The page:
Coming up upon the anniversary of Yale Law School’s much-publicized event featuring a chat from a representative of an SPLC recognized hate group, it’s increasingly clear that the Alliance Defending Freedom and the Federalist Society have worked out an act and plan to take the show on the road.
And, to be honest, you can’t blame them. The misleading narrative about the Yale Law event generated a lot of press coverage, notoriety for the conservative law students hoping to bolster their clerkship bona fides, the attention of prominent right-wing jurists, and successfully pushed the school into an Orwellian speech code. Not every administration is as gullible as Yale’s, but if the groups can achieve half of this return on investment at another school, it’s a bargain!
Northwestern becomes the latest law school to venture down this sad path, with its Federalist Society chapter announcing an event slated for tomorrow night featuring Erin Hawley, Senior Counsel at the Alliance Defending Freedom.
Now Northwestern students face the choice of publicly and peacefully protesting the event (knowing that the conservative media will characterize them as a violent mob regardless) or sitting on their free speech rights to protest (knowing that the conservative media will characterize this silence as affirmation of anti-LGBTQ+ bigotry and use this as a cudgel against other campuses that do protest). Either way, student speech is chilled and the authoritarian model of free speech as the sole province of the speaker at the lectern is reinforced.
As a middle approach, Northwestern’s LGBTQ+ affinity group issued a statement (provided in full on the next page) lodging opposition to the event. Of all the criticisms registered in the statement, one detail highlighted and problematized the way events like these play upon — if not depend upon — the support of administrations supporting bigotry as a twisted form of “diversity”:
We are disappointed, but again, not surprised, that this event is also happening just a week after these same two individuals used funding from the Office of Diversity, Equity, Inclusion and Engagement (DEIE) to host an event arguing for “civility.” As we noted to DEIE staff prior to the event, “civility” has long been used as a white supremacist dog whistle to silence marginalized groups from speaking out when they are being attacked. We expressed our disappointment at that time, and express it again now, that these two students, who actively harmed NLaw’s LGBTQ+ community just last year, received DEIE’s funding and institutional weight to create a preemptive shield from pushback for an event like last year’s Josh Hammer event––an event frustratingly similar to the one later this week with Erin Hawley.
There’s that “civility” again! The Federalist Society is all over the concept these days, but as this statement notes, it’s awfully curious that talks about the importance of being civil showcase professors who use racial slurs in class despite being asked to stop. It’s not that all conversations about civility intend to silence marginalized groups, but when civility talk gets a spotlight, it’s usually because someone is hoping to get well-meaning folks to look away when the silencing starts.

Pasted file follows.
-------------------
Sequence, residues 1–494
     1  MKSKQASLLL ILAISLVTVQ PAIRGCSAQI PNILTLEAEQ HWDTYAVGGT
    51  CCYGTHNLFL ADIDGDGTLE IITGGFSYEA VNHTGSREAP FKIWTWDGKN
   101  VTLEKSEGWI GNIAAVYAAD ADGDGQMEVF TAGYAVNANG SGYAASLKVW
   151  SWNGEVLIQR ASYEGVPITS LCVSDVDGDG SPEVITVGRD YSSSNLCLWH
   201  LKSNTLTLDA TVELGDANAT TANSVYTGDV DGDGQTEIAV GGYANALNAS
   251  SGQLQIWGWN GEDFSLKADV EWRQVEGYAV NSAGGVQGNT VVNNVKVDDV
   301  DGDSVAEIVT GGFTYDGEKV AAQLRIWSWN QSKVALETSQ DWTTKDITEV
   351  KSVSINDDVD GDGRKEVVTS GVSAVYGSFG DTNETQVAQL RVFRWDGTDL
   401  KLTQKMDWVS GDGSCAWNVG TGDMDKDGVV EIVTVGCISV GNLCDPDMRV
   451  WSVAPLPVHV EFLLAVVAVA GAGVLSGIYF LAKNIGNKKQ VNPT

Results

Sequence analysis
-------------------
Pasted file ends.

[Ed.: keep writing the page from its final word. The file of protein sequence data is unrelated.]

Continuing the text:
It’s another aspect of the authoritarian model of free speech: the speakers with microphones aren’t raising their voices or — by definition — speaking out of turn, so I guess they’re the civil ones!
Generally speaking, law schools shouldn’t get in the business of barring speakers, but they should have a corresponding and greater obligation not to get in the business of squelching protest within appropriate time, place, and manner provisions. Administrations need to take a clear stand that they aren’t going to put any thumbs on the scale, refuse to shackle peaceful protests, and not be bullied by Fox News or the Washington Free Beacon or whoever tries to paint them as evil for respecting speech.
And if this leads to FedSoc chapters deplatforming a hate group, it’s not a blow to free speech or academic discourse — in fact, it advances the discussion. It moves past a static fixation on ideas that already turned up bankrupt at the marketplace of ideas and allows future events to focus on narrower, more nuanced issues. By way of analogy, imagine if we could see public debates about climate change focused on the efficacy of a carbon tax without every discussion requiring one of the 5% of scientists who think warming is an illusion caused by unicorn farts. We don’t have to hamstring every conversation by putting outdated ideas on a pedestal.
FedSoc probably isn’t going to do that since, as Judge Ho’s response to the Yale incident proves, the trolling is the point. But law schools don’t need to help them champion bigotry against other students. That would actually be the civil thing to do.
Earlier: Another FedSoc Chapter Invites Recognized Hate Group To Speak… So This Is Going To Be A Trend
Yale Law School Had So Much Fun The First Time, They’ve Brought Recognized Hate Group Back To Campus!
Paul Clement Joins White Law Professor Who Uses The N-Word In Class… To Call For ‘Civil Discourse’
Joe Patrice is a senior editor at Above the Law and co-host of Thinking Like A Lawyer. Feel free to email any tips, questions, or comments. Follow him on Twitter if you’re interested in law, politics, and a healthy dose of college sports news. Joe also serves as a Managing Director at RPN Executive Search.